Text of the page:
The five brief differences between GDPR and Personal Data Privacy Bill

The Indian Government Has Recently Introduced the Indian Privacy bill, 2019. Ostensibly the bill was considered as an Indian version of the General Data Protection Bill which the European Union Introduced in 2017. However, there are some major differences between the GDPR and PDPB. This article discusses five brief differences between GDPR and PDPB.

Legal Basis for Processing of personal Data

The EU GDPR has laid down six legal bases for the processing of personal data. Namely, Consent, Legitimate Interests, the performance of a contract, Legal Obligations, Life protection and Public Interest. On the other hand, the Indian Privacy bill has laid Consent, Legal Obligations, Medical emergency, Health services, protection of individual safety and Employment reasons. Further, the Indian Bill has specifically mentioned the clause for the reasonable purpose specified by regulation. The primary difference between both the regulations is GDPR has explicitly given provisions for the performance of a contract as a legal obligation which was absent in Indian PDPB. On the other hand, The Indian Privacy bill has explicitly provided provisions regarding Health and Employment reasons.

Legitimate Interests

According to GDPR processing of data without consent is permitted unless it overrides the Interests of the Data Subject. Further, it was the controllers’ responsibility to determine and assess the purpose of collecting data without consent. Indian Data Protection bill lays the responsibility to assess the data collection under reasonable purpose to Data Protection Authority of India. Therefore, the Indian Data Protection bill, 2019 was significantly more stringent than the EU GDPR where such responsibility was held in the hands of the Data controller.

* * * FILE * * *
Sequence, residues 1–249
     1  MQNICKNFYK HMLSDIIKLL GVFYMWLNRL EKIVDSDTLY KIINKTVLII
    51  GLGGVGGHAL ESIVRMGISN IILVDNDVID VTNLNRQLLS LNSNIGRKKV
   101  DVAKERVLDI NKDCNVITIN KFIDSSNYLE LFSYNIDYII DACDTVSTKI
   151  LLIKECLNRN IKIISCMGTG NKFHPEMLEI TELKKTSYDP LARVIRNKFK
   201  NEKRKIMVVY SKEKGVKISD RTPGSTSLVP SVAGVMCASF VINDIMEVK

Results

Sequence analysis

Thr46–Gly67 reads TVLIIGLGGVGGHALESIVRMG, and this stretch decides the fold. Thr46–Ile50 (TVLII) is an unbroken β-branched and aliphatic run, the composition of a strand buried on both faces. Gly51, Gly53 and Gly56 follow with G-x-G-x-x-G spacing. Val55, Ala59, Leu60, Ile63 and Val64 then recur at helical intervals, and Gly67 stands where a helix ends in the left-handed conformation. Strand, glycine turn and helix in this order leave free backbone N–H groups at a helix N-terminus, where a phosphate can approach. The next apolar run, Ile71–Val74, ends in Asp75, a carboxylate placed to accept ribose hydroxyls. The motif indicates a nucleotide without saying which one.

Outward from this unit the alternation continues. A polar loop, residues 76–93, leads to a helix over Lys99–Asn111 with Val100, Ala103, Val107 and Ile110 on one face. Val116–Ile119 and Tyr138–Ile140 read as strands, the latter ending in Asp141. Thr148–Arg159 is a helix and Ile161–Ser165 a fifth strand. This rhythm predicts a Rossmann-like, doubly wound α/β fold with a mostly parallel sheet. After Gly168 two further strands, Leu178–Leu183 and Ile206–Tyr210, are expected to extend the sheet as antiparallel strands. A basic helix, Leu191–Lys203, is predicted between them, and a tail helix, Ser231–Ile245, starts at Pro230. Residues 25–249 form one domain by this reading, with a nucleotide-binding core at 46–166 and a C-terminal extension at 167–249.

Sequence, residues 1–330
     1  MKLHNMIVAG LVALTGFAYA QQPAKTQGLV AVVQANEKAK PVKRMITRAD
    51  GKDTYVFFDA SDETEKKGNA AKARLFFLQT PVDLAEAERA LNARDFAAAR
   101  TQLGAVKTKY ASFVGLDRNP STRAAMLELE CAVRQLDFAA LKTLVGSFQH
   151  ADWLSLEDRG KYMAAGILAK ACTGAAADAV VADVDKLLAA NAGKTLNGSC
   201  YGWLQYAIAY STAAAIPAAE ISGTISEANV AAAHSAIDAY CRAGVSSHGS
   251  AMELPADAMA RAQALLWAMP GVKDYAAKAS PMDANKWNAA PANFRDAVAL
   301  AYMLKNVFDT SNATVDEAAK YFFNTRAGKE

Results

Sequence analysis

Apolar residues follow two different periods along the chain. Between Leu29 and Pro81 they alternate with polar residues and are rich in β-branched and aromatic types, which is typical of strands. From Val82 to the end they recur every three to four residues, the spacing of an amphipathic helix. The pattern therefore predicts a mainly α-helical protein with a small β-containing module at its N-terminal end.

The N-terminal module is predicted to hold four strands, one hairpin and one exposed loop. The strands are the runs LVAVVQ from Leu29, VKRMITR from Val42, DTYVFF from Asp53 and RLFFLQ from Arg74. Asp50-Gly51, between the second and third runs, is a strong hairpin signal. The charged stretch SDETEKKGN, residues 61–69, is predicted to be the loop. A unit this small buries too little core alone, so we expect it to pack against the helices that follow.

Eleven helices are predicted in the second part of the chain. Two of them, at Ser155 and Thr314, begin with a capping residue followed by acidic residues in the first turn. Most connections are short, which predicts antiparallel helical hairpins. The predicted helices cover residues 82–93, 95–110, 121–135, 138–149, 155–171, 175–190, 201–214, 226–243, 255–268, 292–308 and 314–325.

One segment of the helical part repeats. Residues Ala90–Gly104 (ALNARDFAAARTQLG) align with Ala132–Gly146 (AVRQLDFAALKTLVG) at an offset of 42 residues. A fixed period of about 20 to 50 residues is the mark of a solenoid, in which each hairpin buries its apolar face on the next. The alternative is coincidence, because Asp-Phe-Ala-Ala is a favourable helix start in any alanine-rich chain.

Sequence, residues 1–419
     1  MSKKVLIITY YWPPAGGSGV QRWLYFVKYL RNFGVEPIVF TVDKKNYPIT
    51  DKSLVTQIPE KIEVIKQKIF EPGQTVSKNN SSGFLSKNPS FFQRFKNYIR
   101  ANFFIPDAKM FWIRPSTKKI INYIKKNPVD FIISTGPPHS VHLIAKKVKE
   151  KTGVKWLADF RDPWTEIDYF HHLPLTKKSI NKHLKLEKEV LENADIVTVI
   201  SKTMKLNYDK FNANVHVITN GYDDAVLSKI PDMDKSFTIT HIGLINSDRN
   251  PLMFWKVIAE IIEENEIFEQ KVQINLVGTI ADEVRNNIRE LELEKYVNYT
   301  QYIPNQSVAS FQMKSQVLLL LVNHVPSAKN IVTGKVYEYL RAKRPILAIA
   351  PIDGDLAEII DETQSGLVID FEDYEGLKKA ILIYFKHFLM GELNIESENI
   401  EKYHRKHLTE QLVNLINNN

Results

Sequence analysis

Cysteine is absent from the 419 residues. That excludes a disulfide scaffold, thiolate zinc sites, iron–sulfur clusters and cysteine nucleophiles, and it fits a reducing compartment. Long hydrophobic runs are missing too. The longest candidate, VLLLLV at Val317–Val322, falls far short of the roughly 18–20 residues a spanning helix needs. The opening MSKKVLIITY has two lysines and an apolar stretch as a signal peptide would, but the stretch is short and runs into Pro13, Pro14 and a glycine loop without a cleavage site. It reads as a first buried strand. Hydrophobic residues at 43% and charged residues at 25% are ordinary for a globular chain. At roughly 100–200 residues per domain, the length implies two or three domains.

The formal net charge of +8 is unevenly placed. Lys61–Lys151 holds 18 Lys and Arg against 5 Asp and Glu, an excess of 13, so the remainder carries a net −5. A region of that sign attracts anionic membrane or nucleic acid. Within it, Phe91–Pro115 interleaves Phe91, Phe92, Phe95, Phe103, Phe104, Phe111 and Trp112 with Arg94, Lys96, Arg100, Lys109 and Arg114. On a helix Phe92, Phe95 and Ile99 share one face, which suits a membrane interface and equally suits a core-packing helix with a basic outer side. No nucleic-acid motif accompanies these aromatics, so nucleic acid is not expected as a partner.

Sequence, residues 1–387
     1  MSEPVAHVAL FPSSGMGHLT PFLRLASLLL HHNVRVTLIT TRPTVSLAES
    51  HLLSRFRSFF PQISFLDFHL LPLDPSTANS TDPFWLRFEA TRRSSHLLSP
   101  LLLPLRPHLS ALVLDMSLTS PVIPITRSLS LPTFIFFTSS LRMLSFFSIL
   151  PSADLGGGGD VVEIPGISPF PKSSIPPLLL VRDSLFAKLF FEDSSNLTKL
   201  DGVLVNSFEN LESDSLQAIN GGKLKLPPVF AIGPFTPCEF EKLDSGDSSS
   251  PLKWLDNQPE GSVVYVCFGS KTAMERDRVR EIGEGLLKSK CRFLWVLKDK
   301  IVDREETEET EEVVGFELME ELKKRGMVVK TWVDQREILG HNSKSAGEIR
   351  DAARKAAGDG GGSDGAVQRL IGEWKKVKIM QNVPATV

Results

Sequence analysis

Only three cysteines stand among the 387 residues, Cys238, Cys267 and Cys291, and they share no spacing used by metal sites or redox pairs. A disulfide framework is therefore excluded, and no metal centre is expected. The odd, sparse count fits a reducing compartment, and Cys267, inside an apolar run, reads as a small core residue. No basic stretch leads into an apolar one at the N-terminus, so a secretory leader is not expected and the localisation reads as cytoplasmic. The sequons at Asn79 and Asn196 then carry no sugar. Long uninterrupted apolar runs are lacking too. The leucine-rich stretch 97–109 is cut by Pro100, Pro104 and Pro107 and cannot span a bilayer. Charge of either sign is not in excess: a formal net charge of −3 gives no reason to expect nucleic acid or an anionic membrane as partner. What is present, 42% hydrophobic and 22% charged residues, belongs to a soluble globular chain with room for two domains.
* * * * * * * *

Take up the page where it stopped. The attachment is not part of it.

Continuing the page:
Conditions for processing of sensitive data

GDPR has provided 10 Legal bases for the processing of sensitive data. They are Explicit consent, exercising the right to employment, Life protection, legitimate activities, legal claims, medical emergencies, scientific research & and substantial interest specified by law. On the other hand, the Indian Privacy bill has laid the same grounds for the processing of both sensitive data and personal data. However, specified some provisions like the consent should be obtained explicitly. Further, the Indian Data privacy bill has provided that some cases can be exempted if authorised by the Data Protection Authority of India (e.g., Research Activities)

DPA Registration

According to Indian Data Privacy law, the Significant data fiduciaries shall need to register with the Data Protection Authority of India. A Data Fiduciary is notified as significant data fiduciary by taking account of the factors like high volumes of data, the sensitivity of data, company revenue, the risk involved and use of new technologies which was specified by DPA. However, there was no such provision in European Union General Data Protection Bill.

Audit Requirements

Indian Data Privacy Bill has perspicuously mentioned that Significant data fiduciaries must submit their data processing to annual audit by independent auditors qualified by the Data Protection Authority of India. Such Auditing shall assess the performance of data fiduciary through “Data Trust Score. Further, Data Protection Authority is empowered to direct the data fiduciary to conduct an audit if he believes there can be any harm to the data. EU’s GDPR has not provided any such provisions. Rather the processor must agree to audit provisions in the contract with the controller.
Therefore, to conclude the primary differences is that Indian Data Protection laws emphasise more on Personal Data protection whilst EU’s GDPR mostly Business-driven. The range of government interference in data protection frameworks like policy monitoring, profiling of sensitive data was much more consolidated in Indian data policy, which on the other hand EU’s law is mostly Organisation driven. Nevertheless, the EU’s GDPR is criticised for being excessively Stringent and imposing many obligations on the organisations. On the Other hand, Indian Data Law is criticised that the bill gives substantial authority to the government. Both the European union’s general data protection regulations and Indian data privacy law emphasise greater data protection and best privacy practices like Data Accounting, Data policy formulation, Maintaining Inventory and so on.

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